P.S. 236 Langston Hughes
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New approaches boost instruction
Instruction for students with disabilities has a way to go
PS 236 Langston Hughes is a tiny school in a modern brick building with a bright red gate and a playground with climbing equipment on school grounds. Trust between the principal and the experienced staff is good and most teachers would recommend the school to new families.
Teachers have encouraged students to become more engaged in lessons. They invite them to discuss topics in small groups or with a partner. Teachers have studied John Hattie’s research on Visible Learning, according to the yearly plan. Hattie believes one of the most powerful things you can do for a student is to provide meaningful, in-the-moment feedback, with clear strategies on how to improve.
Teachers focus on a practice called “close reading,” to ensure all students learn to develop a deep understanding, critically analyze, and precisely interpret a book or article. Close to one dozen staff members are trained to deliver a structured, intensive, research-based tutoring approach called Reading Rescue, for the students who struggle most with reading.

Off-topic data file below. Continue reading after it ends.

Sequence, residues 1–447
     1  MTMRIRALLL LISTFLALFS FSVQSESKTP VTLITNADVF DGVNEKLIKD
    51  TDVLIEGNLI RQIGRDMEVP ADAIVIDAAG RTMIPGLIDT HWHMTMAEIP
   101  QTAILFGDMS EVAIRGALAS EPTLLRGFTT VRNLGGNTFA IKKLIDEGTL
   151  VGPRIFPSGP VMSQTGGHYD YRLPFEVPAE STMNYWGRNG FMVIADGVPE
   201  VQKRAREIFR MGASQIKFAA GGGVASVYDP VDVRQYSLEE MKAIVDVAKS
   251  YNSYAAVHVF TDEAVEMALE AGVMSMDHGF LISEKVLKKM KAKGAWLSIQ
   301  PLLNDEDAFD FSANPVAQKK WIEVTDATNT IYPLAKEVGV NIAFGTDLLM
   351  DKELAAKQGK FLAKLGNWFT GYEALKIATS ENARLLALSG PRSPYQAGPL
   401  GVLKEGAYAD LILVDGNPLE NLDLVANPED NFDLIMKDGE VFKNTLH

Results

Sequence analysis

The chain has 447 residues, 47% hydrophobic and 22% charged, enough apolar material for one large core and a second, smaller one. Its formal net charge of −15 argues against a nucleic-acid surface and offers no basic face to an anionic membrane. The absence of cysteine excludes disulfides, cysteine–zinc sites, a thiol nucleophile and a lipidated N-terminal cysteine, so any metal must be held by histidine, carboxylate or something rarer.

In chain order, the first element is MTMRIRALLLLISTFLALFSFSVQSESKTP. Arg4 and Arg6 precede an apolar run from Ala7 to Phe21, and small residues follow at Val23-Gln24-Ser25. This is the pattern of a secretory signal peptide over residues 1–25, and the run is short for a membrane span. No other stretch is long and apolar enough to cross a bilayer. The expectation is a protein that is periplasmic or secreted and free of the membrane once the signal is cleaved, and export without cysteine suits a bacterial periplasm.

PS 236 works in partnership with Young Audiences and Bronx Arts Ensemble. For each artist residency, teachers and artists plan the work students will be doing to weave art into lessons. The school has expanded its after school arts programming with cycles of arts residencies in dance, visual arts and drumming. The Partnership with Young Audiences includes community projects, for example, children created an art installment in the 176th Street Community Garden.
A downside: Students with disabilities, who make up more than one-quarter of the school population, have not made much progress on state test scores, school data shows.
ADMISSIONS: Unzoned school. (Lydie Raschka, web reports, May 2020)Read more